WASHINGTON — The saga of Elliott Broidy, the disgraced Republican donor, investor, and defense contractor, has taken yet another twist.
The Associated Press broke the news Monday that a federal grand jury in New York is probing whether Broidy used his role as a vice chair of President Trump’s inauguration committee to generate business for his companies, including a private defense firm. According to the AP, a subpoena issued in April by the U.S. Attorney’s office in Brooklyn “seeks records relating to 20 individuals and businesses” with “connections to Broidy, his investment and defense contracting firms, and foreign officials he pursued deals with.”
The subpoena reportedly focused on dealings between Broidy and his businesses and officials from at least two foreign countries, Angola and Romania.
As Rolling Stone reported earlier this year, Broidy’s story is a case study in the swampy creatures around Trump and his administration who saw the 45th president’s election as the business opportunity of a lifetime, a chance to use their proximity to power for their own ends.
Broidy’s lawyers have denied that Broidy used his position in Trump’s orbit to enrich himself or benefit his businesses.
Broidy, who is based in Los Angeles, was a prominent financier and George W. Bush supporter in the 2000s known throughout the Republican Party for the elaborate fundraisers he threw at his Bel-Air mansion. In 2009, then-New York Attorney General Andrew Cuomo charged Broidy for effectively bribing the New York State comptroller in exchange for a $250 million investment in Broidy’s private equity fund. Broidy pleaded guilty to a misdemeanor and largely disappeared from Republican politics. He resurfaced in the 2016 presidential race with donations to several other GOP contenders before he joined the Trump campaign’s fundraising team.
After Trump’s victory, Broidy was rewarded for his support with a coveted spot on the incoming president’s inauguration committee, which raised a record-setting $107 million. (Federal prosecutors reportedly have a separate investigation into the expenses incurred by Trump’s inauguration team.)
According to documents previously obtained by Rolling Stone, Broidy pitched foreign leaders from Angola and Romania on services offered by his private defense-contracting firm, Circinus, at the same time he was helping organize Trump’s inauguration. Broidy invited two Angolan officials to Trump’s inauguration (using his own letterhead) and attached to the same invitation a proposed contract with Broidy’s company. Broidy also finagled a brief meeting between Trump and senior officials with the Romanian government — a country with which Broidy and his company were also pursuing business deals.
Broidy’s lawyers denied to the AP that he or his company had financial dealings with any Romanian officials or their agents while insisting that the contract between Circinus and Angola had nothing to do with Broidy’s role on Trump’s inauguration committee. “Any implication to the contrary is completely false,” the lawyers said in a statement.
Broidy’s deal-making eventually caught the attention of Congress: In April 2018, Senators Richard Blumenthal (D-CT) and Elizabeth Warren (D-MA) asked then-Attorney General Jeff Sessions to open an investigation into whether Broidy and his companies violated the Foreign Corrupt Practices Act, which bans Americans from offering “anything of value” in an effort to influence a foreign official. The AP reported that Angola and Romanian individuals are among the 20 people or companies mentioned in the subpoena related to Broidy’s business dealings.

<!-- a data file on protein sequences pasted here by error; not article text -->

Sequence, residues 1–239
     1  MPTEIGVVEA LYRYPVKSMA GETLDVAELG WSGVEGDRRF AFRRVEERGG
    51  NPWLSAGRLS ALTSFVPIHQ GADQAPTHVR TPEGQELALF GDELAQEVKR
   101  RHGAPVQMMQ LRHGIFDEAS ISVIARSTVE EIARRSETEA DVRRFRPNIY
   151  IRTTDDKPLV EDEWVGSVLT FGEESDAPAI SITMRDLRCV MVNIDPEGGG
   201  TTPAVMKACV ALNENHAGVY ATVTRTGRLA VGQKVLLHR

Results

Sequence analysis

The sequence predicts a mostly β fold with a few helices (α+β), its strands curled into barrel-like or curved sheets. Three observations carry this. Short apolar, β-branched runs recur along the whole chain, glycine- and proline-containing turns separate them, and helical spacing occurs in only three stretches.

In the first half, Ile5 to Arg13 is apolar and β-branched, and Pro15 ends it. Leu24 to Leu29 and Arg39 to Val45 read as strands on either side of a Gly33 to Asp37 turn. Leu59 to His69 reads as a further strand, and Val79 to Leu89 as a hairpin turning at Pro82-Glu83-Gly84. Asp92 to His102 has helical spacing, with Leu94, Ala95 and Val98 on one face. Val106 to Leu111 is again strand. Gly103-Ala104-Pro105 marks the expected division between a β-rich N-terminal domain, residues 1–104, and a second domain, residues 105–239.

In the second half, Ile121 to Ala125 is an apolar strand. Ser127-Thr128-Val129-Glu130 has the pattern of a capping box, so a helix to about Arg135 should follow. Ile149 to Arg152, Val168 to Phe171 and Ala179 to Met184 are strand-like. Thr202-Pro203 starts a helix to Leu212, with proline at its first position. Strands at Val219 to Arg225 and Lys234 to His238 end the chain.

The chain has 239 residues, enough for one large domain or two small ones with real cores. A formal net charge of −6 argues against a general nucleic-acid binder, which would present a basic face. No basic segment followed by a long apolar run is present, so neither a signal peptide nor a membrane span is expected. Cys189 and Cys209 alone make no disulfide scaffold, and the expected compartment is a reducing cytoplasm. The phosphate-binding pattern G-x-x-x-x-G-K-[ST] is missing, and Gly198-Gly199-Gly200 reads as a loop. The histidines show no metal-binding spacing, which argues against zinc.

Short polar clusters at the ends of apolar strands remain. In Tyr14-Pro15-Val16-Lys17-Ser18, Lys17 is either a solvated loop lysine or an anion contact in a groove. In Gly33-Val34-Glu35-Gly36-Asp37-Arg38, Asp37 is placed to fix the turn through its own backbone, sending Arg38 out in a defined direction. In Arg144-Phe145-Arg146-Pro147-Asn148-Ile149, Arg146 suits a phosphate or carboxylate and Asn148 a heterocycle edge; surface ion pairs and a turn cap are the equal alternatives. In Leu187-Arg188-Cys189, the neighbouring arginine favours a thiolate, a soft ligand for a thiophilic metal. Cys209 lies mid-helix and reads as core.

Many of the details about Broidy’s business dealings came from private emails, business records, and other documents leaked to members of the media. Broidy alleges he, his wife, and his company were hacked by agents of a hostile foreign government who released the emails and documents in an effort to damage his reputation and as retribution for his advocacy around President Trump’s foreign policy. One of the key revelations from Broidy’s leaked documents was his friendship with George Nader, a Lebanese American fixer and onetime adviser to the crown prince of the United Arab Emirates (UAE) whose name appears dozens of times in Special Counsel Robert Mueller’s final report.
According to the leaked documents, Broidy and Nader worked together throughout 2017 to help shape the Trump administration’s foreign policy in the Middle East, urging a closer relationship with Saudi Arabia and the UAE and a crackdown on the small but wealthy Gulf nation of Qatar. (Lawyers for Broidy have denied that his actions came at the direction of a foreign nation and have argued that they didn’t need to be disclosed under the U.S.’s foreign lobbying law.)
In June, in a separate investigation, Nader was charged with transporting child pornography by the Justice Department and, if convicted, faces a minimum of 15 years and a maximum of 40 years in prison. Broidy’s ties to Nader are reportedly under further scrutiny, as Nader’s name is included in the subpoena sent by the U.S. Attorney’s Office in Brooklyn.
In March 2018, Broidy sued the state of Qatar and an American political operative for allegedly orchestrating the hack-and-dump operation. He has also filed suit against several more U.S.-based consultants whom he claims participated in the alleged hacking. (Qatar has denied any role. A judge dropped Qatar from the suit in 2018.)
Not long after he first sued Qatar, Broidy resigned his post from the Republican National Committee’s prestigious finance committee after it emerged he had agreed to pay $1.6 million to a former Playboy Playmate who said he had impregnated her. The former Playmate, Shera Bechard, later sued Broidy after he stopped making payments as part of their hush-money agreement, which was revealed by the Wall Street Journal. The case is ongoing.